February 14, 2019
The Illinois Head Start Association’s (IHSA) Innovative Bright Practices project named the RPC’s Early Childhood Education program as its monthly winner in February. The project highlights programs that are using innovative and creative strategies, in this case the RPC’s creation of the Social Skills and Prevention Coach role. Performing this role for the RPC are Andrew Hulten at the Urbana Early Childhood Education Center, Jennifer Spain at the Savoy Early Childhood Education Center, and Camille Bookter at the Rantoul Early Childhood Education Center.
As the monthly winner, the RPC’s Early Childhood Education program is automatically nominated for the annual Vanessa Rich Innovative Award, which will be presented at the IHSA Annual Conference in March. There is more information about the RPC’s honor on the IHSA website, from which the following is adapted:
Initiated in the fall of 2018, Champaign County Head Start designed new a role—the Social Skills and Prevention Coach. Through generous funding from the Champaign County Mental Health Board, we have been able to hire three new staff to fill this role. An Early Childhood Mental Health Consultant supervises the new staff, housed at three of our sites.
Prioritizing prevention, the coaches provide ongoing Practice Based Coaching focused on the Pyramid Model’s social-emotional skills and indicators. They provide strength-based reflective support for staff, collect behavior-related data, build relationships with families, and help anticipate the need for preventative transition support for students. The coaches also facilitate the social-emotional development of students through guidance lessons focused on social skills, friendship groups, push-in individual positive behavior modeling, and de-escalation support when necessary.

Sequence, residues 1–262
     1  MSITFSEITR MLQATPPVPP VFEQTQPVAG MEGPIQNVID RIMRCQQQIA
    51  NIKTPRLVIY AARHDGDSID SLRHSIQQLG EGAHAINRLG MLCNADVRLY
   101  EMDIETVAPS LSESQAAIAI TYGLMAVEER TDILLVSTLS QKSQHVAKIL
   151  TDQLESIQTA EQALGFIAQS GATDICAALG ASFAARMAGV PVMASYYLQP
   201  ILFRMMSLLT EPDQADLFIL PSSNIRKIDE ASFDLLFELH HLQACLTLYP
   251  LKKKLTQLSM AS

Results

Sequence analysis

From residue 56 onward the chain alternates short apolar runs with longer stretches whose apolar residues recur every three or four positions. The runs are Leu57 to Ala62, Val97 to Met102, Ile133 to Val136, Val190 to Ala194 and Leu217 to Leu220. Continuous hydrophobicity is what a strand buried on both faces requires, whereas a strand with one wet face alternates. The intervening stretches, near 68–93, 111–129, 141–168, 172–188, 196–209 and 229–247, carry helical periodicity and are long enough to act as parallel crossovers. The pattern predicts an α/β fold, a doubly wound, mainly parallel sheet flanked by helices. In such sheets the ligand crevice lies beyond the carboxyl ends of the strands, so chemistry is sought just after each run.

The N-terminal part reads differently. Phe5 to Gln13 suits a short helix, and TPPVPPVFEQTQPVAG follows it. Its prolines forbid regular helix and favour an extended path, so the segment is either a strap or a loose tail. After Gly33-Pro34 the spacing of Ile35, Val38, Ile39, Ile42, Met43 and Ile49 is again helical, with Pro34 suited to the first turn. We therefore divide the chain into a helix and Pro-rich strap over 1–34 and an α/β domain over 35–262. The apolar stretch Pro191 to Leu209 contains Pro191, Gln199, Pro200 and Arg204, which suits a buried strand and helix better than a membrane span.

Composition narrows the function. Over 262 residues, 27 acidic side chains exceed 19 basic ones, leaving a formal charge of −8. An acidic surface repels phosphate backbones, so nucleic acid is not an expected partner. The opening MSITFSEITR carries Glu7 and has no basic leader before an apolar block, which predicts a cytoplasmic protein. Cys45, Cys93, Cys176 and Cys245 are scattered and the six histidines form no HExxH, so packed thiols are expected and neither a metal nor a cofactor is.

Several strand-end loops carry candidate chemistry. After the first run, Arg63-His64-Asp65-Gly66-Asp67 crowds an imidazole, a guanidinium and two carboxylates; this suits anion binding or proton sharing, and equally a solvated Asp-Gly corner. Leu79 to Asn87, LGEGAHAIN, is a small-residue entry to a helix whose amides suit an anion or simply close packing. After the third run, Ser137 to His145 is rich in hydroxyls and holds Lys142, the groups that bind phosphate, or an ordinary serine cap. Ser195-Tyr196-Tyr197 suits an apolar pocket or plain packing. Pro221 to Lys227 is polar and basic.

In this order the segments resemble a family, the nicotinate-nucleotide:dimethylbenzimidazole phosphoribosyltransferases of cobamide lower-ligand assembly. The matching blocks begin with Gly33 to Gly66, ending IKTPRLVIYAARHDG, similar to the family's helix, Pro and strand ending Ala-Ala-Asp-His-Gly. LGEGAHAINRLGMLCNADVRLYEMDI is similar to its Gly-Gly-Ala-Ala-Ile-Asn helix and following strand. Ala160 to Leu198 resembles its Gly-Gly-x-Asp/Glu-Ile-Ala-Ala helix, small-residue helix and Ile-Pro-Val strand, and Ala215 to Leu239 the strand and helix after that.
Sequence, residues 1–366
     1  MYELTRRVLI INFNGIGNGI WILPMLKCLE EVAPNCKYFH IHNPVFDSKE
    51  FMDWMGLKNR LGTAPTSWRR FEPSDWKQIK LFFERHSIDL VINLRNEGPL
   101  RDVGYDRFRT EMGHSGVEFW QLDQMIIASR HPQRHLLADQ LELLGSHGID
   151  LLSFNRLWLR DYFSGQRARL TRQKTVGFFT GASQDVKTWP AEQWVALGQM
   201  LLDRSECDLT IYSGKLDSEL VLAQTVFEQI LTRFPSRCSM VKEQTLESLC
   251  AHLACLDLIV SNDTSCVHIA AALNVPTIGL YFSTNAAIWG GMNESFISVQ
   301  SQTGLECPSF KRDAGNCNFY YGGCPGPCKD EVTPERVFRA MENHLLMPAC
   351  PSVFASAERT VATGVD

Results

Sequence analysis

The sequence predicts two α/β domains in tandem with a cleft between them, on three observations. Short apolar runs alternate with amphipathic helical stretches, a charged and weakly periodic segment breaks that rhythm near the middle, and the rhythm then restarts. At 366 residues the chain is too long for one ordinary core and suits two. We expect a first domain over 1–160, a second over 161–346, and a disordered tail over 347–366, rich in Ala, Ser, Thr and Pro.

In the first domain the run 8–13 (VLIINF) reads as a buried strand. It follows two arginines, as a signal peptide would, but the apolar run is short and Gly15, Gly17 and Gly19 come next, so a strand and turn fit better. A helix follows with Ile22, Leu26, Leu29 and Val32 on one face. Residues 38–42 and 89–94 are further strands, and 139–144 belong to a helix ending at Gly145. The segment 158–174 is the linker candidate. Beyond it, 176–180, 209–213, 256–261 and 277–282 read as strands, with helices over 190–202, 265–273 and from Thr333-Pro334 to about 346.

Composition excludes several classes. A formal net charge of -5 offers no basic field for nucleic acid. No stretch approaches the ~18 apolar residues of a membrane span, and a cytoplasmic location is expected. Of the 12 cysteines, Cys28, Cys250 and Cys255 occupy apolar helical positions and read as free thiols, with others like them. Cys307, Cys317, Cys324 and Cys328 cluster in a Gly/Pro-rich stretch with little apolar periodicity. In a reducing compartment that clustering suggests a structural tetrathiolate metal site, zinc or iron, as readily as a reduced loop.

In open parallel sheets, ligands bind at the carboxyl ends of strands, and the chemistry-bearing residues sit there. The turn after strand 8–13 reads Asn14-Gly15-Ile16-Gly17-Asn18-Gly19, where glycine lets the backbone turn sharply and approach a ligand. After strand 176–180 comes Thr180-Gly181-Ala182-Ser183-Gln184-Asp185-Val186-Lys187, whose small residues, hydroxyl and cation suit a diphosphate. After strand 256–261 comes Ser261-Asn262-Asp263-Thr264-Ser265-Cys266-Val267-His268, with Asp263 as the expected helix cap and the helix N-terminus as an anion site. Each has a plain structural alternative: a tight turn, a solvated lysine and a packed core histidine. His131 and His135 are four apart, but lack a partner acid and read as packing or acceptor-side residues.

Within two months of filling the new positions, we doubled the number of children served within the previous year’s first quarter, while more than doubling the amount of services and supports these children, families, and teachers have received.
Beyond numbers, we have seen improvements in individual children’s social and emotional skills, such as the ability to calm down and self-regulate, the ability to share and take turns, and the ability to communicate about their feelings. We have also seen improvement in staff morale and engagement.
The IHSA calls Innovative Bright Practices a place where they will spotlight innovative ideas from the Head Start and Early Head Start community. These innovative practices will offer this community an opportunity to see, listen, and learn about bright ideas happening across the state. They hope to stimulate or “plant a seed” from where other programs can take an idea and make it their own, because innovation is the key to professional success.